So President Higgins is not alone in making a political mistake in terms of reconciliatory gestures (although whether the public in the Republic of Ireland thinks he has made a mistake remains to be seen).
But in snubbing the centenary event, President Higgins has many spiritual allies.
The notion that Northern Ireland is a disreputable, failed — even rogue — state has been allowed to gain ground.
There is a widespread cultural embarrassment about NI’s big milestone. Next to no institutions or organisations that have Northern Ireland in their name seem prepared to so much as say, as we do on our front page, ‘Happy 100th Birthday Northern Ireland!’
If this was almost any other society, then the Police Service of Northern Ireland, BBC Northern Ireland, the Northern Ireland Tourist Board, the Northern Ireland Civil Service and so on would all have logos celebrating such a major birthday. They would be carrying out commemorative events. The centenary would form a backdrop to their imagery and their publicity.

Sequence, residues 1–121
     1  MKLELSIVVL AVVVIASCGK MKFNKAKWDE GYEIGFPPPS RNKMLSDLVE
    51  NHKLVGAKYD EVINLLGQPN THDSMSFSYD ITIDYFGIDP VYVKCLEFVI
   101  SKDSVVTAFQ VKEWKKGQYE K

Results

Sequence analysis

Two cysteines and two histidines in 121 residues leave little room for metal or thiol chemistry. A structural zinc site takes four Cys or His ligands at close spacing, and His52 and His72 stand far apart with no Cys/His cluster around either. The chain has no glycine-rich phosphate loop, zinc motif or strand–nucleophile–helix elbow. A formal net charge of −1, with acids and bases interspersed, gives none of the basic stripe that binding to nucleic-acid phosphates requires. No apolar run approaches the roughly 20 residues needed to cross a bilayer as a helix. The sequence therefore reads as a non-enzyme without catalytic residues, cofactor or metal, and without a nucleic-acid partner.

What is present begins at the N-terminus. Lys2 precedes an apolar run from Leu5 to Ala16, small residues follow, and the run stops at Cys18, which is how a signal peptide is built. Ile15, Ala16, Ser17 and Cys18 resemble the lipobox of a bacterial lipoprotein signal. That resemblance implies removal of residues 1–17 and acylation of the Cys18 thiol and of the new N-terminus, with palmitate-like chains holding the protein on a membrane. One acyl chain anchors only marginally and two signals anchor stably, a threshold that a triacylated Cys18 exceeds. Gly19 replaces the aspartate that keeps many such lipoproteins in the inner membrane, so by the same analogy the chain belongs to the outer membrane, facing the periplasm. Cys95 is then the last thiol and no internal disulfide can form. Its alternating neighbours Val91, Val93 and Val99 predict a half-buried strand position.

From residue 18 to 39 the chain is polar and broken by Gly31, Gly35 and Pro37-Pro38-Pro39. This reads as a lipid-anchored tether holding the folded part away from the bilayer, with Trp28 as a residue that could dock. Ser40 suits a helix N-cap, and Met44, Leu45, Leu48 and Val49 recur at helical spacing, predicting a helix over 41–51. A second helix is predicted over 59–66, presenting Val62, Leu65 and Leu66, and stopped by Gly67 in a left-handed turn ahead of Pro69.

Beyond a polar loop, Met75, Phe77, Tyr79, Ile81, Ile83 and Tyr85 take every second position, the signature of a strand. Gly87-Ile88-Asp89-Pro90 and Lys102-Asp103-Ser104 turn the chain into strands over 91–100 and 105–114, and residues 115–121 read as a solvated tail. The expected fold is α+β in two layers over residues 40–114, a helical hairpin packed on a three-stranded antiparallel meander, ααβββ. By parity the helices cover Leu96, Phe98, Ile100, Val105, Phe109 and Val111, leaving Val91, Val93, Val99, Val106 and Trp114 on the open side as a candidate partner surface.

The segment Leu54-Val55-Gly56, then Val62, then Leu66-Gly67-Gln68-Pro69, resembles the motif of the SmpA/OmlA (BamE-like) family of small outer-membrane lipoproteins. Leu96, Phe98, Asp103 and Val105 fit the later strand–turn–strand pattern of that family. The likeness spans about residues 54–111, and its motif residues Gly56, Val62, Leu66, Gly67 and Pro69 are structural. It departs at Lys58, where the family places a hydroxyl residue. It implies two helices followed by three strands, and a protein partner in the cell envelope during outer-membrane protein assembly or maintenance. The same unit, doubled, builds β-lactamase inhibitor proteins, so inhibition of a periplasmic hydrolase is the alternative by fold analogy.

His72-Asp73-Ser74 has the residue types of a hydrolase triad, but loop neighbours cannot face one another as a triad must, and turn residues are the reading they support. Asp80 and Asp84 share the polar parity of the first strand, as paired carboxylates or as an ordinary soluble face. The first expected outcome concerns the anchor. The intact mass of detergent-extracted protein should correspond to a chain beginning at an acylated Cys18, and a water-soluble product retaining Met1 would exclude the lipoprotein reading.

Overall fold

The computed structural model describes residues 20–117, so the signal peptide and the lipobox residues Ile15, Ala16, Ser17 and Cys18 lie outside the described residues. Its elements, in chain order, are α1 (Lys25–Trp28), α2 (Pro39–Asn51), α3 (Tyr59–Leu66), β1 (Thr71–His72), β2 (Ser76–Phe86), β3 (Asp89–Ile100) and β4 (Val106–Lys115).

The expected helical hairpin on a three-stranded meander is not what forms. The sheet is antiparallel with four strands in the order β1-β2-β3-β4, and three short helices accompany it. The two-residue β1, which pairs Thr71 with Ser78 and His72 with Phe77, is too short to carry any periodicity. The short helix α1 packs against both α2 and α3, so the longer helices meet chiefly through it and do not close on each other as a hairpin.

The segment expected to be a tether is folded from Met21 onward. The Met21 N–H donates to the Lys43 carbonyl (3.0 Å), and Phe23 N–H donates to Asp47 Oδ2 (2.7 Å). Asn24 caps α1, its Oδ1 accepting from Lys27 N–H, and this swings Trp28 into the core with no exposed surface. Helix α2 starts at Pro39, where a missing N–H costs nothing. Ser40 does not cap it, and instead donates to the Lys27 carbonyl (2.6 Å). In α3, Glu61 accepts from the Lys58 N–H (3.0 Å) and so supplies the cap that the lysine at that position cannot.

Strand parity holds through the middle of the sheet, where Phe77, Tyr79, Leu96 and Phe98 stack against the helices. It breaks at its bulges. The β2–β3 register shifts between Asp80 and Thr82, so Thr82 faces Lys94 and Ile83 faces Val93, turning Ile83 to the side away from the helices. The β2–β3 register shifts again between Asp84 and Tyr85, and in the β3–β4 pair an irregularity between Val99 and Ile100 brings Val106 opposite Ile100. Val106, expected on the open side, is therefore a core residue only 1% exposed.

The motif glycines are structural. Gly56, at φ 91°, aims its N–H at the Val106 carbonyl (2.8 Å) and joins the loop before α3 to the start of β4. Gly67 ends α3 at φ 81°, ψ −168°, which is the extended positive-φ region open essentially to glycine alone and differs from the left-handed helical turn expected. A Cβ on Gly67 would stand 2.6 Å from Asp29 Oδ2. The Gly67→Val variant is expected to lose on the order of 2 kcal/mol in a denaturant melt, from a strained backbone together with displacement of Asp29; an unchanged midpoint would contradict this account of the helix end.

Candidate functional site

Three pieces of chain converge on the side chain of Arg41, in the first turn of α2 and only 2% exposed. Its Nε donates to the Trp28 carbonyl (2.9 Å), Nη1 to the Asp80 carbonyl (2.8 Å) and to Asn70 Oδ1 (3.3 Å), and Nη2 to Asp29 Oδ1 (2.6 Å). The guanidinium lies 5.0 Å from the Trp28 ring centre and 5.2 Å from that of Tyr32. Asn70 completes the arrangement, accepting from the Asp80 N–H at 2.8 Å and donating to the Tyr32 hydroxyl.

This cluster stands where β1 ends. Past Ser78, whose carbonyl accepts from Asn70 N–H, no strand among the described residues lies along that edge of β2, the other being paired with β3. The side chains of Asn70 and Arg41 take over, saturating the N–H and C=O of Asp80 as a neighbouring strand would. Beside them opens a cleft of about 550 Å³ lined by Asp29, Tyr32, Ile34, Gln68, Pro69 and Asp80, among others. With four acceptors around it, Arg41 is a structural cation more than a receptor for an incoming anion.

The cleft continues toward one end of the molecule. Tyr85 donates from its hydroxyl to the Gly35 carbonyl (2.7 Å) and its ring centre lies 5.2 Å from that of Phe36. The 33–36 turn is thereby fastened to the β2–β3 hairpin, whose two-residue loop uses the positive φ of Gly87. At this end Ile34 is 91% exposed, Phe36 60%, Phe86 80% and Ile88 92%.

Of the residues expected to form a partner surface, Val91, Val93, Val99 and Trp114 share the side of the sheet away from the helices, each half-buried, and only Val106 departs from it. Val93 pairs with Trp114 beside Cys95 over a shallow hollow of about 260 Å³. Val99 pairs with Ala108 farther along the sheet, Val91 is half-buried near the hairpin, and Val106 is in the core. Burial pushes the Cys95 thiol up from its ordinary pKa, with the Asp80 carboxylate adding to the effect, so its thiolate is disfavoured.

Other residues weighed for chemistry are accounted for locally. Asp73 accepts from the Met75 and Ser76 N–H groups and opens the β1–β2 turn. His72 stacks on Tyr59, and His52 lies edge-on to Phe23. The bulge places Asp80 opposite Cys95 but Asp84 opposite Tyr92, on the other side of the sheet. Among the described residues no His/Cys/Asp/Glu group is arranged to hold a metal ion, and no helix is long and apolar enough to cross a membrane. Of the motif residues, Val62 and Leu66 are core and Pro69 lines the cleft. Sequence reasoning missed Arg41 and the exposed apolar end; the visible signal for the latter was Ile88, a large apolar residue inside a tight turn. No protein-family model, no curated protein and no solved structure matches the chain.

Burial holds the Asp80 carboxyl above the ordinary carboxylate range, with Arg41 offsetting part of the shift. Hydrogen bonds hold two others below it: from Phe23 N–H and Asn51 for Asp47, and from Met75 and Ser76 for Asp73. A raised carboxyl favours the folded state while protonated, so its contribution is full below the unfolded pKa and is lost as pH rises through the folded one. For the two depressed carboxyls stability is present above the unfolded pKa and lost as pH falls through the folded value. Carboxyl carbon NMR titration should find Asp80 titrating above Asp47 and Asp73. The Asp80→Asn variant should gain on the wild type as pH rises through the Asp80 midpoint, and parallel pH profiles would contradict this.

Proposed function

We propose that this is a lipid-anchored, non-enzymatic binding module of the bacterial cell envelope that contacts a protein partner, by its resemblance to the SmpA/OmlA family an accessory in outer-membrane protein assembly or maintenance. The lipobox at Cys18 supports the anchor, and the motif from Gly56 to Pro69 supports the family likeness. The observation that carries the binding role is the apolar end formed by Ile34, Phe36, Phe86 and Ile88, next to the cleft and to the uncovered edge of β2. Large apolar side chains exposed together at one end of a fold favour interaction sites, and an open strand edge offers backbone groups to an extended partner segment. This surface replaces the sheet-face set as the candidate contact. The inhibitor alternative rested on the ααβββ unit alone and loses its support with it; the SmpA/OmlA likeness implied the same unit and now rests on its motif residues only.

It is of course important that workplaces are neutral, comfortable places for employees of all backgrounds, and it would be quite wrong to celebrate the 100th in any way that could be plausibly depicted as sectarian. But the problem is that timid leaders in positions of influence across NI seem, perhaps subconsciously, to have imbibed the idea that any marking of the 100th at all is of itself potentially sectarian.
There are many distinct things to celebrate, even for people who are not unionist: the countryside, the sporting stars, the scientists, artists and actors and so on.